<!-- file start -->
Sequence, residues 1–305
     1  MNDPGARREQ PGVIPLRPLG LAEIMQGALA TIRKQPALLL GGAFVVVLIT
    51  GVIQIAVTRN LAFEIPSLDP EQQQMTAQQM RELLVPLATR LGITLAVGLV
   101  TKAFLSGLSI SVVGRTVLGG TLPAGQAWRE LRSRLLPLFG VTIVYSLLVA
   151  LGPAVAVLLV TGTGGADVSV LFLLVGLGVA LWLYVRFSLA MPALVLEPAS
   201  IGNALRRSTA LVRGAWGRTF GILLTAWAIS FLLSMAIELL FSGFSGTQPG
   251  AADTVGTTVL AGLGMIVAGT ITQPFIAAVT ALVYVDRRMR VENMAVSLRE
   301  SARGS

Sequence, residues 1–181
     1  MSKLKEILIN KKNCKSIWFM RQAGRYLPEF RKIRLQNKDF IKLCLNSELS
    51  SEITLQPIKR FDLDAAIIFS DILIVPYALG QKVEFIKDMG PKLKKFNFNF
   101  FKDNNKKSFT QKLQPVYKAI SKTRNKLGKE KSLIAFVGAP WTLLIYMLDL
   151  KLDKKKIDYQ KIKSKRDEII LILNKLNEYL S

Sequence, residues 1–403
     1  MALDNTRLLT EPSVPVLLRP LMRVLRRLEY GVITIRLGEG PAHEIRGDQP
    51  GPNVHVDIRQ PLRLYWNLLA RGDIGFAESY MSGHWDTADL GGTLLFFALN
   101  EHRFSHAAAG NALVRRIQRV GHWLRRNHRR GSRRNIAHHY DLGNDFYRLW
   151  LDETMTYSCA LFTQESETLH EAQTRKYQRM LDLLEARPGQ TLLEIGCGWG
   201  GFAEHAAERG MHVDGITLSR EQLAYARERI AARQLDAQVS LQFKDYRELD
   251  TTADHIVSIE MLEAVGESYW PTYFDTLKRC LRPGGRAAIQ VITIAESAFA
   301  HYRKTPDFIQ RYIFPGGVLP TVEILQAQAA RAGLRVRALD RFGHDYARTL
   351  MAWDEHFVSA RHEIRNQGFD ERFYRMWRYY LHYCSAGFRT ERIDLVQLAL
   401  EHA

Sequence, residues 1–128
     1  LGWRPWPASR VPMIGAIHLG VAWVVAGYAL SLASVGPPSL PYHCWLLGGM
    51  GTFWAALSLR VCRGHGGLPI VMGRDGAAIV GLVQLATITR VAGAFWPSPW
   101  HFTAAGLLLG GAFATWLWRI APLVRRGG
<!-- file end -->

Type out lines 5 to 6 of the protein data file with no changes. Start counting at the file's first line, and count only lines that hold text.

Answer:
   151  LGPAVAVLLV TGTGGADVSV LFLLVGLGVA LWLYVRFSLA MPALVLEPAS
   201  IGNALRRSTA LVRGAWGRTF GILLTAWAIS FLLSMAIELL FSGFSGTQPG